The federal Pregnant Workers Fairness Act has recently been re-introduced to both Houses of Congress. If enacted, the Act would require employers to provide reasonable accommodations to pregnant employees. The accommodation requirement is intended to allow pregnant employees to continue working through pregnancy, if they wish, and to protect them from forced leave of absence or employment termination due to pregnancy. The Act would also make it unlawful for employers to deny employment opportunities to women based on the need for reasonable accommodation related to pregnancy or childbirth. The proposed pregnancy law appears to have support in both the House and the Senate and would more than likely be signed into law by the President.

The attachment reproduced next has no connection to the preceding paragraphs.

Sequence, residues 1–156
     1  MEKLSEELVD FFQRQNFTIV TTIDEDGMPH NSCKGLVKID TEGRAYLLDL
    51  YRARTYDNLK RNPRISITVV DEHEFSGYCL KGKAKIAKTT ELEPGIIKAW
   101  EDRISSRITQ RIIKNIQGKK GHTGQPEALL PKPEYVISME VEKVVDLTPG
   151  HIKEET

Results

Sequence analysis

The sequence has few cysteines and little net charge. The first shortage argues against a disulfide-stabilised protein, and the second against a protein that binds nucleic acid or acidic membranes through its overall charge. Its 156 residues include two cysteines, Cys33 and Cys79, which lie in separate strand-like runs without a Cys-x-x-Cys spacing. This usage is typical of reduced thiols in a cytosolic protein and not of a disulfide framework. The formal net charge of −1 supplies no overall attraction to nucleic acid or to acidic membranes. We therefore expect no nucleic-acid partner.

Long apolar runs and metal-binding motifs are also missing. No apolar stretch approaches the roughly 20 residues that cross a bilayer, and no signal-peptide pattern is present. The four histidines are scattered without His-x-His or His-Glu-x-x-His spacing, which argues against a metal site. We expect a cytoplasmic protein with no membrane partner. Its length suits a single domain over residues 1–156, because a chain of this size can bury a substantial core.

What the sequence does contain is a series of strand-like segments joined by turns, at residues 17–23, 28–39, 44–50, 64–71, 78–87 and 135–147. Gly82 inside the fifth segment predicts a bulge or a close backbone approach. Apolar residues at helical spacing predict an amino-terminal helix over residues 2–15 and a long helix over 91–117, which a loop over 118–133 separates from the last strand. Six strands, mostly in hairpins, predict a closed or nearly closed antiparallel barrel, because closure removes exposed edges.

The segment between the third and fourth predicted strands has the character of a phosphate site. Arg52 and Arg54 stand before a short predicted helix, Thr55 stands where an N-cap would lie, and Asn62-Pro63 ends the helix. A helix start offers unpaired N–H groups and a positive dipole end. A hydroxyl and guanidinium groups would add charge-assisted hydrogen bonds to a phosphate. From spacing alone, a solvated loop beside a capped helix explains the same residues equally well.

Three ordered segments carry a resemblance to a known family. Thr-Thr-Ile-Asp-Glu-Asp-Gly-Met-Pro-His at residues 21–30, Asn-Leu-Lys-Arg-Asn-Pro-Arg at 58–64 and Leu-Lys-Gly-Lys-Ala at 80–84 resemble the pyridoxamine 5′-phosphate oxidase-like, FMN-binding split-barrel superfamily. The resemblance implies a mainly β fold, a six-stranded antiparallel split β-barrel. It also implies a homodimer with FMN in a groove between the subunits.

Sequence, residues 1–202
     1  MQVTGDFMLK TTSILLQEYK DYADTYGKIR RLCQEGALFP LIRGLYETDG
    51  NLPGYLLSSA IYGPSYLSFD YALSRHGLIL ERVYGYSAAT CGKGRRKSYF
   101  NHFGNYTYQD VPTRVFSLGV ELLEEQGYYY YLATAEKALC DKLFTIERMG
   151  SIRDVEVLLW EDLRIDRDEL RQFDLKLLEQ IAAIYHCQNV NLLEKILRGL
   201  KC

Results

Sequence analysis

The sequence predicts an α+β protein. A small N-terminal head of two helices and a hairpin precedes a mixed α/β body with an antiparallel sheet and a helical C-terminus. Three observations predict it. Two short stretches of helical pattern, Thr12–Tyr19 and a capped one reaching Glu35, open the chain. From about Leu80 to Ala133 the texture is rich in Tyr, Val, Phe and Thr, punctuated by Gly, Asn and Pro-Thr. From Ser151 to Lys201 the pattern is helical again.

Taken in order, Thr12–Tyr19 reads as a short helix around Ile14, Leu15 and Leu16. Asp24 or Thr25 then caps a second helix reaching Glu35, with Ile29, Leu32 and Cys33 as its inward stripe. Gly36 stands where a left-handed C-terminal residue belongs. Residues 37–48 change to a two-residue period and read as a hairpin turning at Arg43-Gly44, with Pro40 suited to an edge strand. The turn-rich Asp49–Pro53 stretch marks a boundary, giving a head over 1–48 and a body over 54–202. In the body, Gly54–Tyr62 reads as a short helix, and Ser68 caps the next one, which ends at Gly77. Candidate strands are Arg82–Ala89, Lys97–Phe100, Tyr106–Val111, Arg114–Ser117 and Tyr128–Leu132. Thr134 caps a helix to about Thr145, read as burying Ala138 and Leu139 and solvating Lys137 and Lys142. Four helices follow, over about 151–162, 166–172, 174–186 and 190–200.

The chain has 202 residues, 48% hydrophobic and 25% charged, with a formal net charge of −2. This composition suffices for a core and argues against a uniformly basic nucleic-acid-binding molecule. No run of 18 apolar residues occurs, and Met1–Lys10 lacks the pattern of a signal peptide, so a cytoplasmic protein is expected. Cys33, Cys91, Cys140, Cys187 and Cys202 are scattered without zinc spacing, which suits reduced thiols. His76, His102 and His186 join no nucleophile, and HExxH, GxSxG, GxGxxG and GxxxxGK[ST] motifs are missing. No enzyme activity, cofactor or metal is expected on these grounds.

On August 28, 2015, the 7th Circuit affirmed summary judgment in a sex discrimination lawsuit brought under Title VII and the Equal Pay Act. Packer v. Trustees of Indiana University, No. 15-1095 (7th Cir. 8-28-2015). The plaintiff alleged that her employer subjected her to various adverse treatment and discharged her from employment because of her gender. She also claimed that she was a victim of gender-based pay discrimination and retaliation for making internal complaints of discrimination. The employer contended that it discharged her for legitimate, non-discriminatory reasons. There were not enough citations to specific portions of the record to counter the motion for summary judgment. For instance, the plaintiff did not identify any similarly situated male employees who were paid more than she was paid. Therefore, the court could not even reach the issue of whether there was justification for the pay disparity.